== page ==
Tuesday, March 24, 2009

Subtleties

I was working today on composing using virtual instruments, sounds created primarily by electronic means instead of acoustic instruments. I was choosing the palette for a piece, picking the specific sounds that would comprise the various elements of the music.

Before starting any composition, it's helpful to me not only to have a clear vision of what I want a piece to sound like but also to determine the general structure of the piece. When I am writing for acoustic instruments, the timbre of the piece is already limited. If the piece is intended to be performed by a flute and a cello, the "colors" will consist of sounds which can be produced by one of those instruments. Such limitations are somewhat beneficial to a composer. Without some boundaries, a piece might never get written.

When I am devising a set of timbres for a non-acoustic piece, my choices become exponentially broader. It can be a bit intimidating. I have much more control over every facet of a sound than when I write for human performers. Which means many more decisions. I never have to decide exactly how the members of a string quartet balance with one another, or how much reverb will be present in a particular performance space, or just how short a staccato note will be played. Or, or, or... All these options and more are at my discretion with a piece created on a computer.

To be completely honest, it's a lot of fun to play with all the details of a sound. When I get through with this creative preparation, I find I am a little more keenly tuned in to other details around me. It makes me wonder what little details I typically ignore, and I want to hold on to the heightened awareness as long as possible. Something will distract me eventually, but I am convinced that being aware is a choice.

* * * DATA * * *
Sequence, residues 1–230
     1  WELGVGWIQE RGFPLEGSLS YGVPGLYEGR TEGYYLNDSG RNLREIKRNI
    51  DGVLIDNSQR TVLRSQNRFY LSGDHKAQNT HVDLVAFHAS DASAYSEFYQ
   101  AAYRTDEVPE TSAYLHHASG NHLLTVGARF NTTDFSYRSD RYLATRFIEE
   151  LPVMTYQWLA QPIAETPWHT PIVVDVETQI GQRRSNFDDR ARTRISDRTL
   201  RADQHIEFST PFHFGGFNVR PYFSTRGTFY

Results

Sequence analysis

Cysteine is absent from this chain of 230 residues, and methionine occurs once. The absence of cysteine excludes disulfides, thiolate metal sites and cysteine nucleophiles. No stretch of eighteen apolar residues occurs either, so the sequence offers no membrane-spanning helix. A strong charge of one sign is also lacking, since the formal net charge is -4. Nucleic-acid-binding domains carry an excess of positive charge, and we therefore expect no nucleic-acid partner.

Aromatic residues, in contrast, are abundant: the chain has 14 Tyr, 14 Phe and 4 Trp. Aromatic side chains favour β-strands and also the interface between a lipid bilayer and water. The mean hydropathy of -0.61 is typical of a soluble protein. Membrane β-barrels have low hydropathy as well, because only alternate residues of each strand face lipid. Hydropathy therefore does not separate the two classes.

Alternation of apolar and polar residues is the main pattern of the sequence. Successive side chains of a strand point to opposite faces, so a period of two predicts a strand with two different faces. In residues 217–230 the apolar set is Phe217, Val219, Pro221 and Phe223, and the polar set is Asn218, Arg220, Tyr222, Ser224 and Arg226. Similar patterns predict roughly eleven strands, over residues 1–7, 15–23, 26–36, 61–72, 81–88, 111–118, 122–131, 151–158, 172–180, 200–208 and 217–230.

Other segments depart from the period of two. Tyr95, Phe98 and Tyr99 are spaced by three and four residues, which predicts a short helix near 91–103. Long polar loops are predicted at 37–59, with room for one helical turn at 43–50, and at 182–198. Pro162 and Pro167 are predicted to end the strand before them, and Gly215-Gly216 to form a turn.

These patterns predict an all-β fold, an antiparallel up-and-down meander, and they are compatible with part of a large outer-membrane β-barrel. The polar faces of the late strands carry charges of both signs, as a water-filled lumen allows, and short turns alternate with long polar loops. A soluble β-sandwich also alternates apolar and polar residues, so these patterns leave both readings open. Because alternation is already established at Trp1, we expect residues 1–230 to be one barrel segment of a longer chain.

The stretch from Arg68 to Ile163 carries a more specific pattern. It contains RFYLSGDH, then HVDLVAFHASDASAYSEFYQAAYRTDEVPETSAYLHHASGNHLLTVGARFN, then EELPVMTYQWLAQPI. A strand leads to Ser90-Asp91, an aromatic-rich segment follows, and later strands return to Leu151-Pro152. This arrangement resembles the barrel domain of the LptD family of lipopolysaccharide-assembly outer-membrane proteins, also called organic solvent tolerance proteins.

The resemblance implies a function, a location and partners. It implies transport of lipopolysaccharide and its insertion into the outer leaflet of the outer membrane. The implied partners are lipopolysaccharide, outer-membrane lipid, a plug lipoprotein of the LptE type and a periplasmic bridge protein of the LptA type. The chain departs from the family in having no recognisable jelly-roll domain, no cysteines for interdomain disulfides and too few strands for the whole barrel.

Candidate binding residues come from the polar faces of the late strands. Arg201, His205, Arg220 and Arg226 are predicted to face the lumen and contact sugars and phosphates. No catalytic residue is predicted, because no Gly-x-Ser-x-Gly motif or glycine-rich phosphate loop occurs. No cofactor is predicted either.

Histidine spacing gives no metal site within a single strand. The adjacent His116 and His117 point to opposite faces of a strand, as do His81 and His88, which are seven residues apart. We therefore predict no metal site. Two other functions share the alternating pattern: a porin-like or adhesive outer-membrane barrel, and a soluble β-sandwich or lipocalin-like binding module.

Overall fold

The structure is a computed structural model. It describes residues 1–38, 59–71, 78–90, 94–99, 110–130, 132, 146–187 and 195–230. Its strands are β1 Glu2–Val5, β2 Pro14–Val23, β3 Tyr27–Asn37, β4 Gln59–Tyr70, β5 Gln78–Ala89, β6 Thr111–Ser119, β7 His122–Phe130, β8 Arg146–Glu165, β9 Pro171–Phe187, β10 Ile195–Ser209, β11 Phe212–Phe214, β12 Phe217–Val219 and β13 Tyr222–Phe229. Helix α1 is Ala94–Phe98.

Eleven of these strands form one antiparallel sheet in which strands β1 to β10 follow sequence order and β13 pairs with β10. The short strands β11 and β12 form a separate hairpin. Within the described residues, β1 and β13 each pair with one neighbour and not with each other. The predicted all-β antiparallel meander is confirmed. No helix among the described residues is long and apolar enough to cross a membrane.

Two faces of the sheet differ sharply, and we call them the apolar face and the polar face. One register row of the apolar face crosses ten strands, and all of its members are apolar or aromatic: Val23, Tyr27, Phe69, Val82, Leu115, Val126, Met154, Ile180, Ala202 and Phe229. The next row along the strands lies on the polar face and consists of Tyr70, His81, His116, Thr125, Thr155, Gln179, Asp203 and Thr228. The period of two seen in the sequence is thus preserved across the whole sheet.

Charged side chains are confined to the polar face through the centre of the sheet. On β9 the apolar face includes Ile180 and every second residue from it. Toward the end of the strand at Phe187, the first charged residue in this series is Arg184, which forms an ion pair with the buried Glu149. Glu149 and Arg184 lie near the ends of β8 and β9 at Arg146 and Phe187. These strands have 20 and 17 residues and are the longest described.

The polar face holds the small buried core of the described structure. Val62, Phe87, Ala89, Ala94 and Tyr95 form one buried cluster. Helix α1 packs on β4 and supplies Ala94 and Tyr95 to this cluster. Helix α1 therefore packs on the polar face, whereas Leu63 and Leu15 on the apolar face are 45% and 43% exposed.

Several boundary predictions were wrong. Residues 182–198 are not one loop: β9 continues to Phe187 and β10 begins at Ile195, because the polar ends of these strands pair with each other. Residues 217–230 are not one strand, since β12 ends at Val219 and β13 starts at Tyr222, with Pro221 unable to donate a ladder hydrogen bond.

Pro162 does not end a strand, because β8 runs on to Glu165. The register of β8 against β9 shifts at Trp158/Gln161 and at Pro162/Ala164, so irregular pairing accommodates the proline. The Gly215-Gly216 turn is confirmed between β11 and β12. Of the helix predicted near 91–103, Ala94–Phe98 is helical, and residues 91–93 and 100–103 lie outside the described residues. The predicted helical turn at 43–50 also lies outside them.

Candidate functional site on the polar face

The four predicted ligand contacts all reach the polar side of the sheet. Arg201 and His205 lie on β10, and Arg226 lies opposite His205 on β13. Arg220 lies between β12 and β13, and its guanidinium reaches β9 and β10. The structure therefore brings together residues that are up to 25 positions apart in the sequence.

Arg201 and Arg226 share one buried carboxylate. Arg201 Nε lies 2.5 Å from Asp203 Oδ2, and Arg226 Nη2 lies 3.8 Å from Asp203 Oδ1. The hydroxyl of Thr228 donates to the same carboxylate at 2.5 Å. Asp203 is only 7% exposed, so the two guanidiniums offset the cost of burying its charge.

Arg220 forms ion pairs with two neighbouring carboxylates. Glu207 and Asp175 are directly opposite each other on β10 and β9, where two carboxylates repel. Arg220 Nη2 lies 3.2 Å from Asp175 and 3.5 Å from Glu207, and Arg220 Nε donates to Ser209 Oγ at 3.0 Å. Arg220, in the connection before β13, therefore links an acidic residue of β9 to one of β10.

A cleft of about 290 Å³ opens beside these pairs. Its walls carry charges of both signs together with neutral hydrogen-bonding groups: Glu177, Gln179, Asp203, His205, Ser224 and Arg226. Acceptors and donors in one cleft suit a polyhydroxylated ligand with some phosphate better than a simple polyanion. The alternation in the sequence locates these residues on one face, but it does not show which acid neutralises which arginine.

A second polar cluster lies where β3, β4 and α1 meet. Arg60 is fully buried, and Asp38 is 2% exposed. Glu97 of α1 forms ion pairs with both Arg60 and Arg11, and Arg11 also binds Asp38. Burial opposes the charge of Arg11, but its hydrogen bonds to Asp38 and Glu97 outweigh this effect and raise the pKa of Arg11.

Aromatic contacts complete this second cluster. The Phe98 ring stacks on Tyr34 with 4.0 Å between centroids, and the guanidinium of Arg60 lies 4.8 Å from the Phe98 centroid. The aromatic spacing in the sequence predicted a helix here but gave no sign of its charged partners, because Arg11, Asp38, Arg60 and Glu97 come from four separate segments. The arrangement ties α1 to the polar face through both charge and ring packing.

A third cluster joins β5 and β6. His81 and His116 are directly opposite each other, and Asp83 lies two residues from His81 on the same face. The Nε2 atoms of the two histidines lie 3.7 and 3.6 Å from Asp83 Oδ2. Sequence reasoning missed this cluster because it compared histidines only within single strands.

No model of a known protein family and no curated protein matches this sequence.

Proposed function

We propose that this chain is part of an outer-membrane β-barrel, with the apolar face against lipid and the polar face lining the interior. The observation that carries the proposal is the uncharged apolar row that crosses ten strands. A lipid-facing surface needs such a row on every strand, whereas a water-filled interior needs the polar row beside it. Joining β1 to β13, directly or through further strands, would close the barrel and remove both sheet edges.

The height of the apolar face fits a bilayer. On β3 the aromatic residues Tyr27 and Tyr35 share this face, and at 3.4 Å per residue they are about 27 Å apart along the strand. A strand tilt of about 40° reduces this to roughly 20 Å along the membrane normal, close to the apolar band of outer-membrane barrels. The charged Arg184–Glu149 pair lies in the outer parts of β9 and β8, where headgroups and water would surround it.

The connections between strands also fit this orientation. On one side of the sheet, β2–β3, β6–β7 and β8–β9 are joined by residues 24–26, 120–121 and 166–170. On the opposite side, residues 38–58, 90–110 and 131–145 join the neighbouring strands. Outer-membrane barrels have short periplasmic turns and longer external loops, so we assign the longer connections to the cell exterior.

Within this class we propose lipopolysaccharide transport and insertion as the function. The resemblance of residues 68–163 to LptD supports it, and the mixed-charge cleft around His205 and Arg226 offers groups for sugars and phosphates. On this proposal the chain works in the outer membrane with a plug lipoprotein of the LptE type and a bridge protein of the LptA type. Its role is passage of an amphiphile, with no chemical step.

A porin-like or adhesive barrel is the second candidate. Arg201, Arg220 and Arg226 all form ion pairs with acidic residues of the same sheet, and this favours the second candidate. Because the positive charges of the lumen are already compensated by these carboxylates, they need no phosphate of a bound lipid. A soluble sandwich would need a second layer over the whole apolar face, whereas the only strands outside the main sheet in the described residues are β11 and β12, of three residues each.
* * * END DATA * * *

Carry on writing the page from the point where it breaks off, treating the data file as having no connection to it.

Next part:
I used to think that I needed to partition my life into my different areas of focus, but more and more I am seeing how everything feeds into the whole. The various ways I spend my time and energy don't have to distract from or compete with one another. Being creative begets creativity, and paying attention to details leads to greater awareness of details. The various ways I spend my time and energy don't have to distract from or compete with one another. They are all just part of a complete me.

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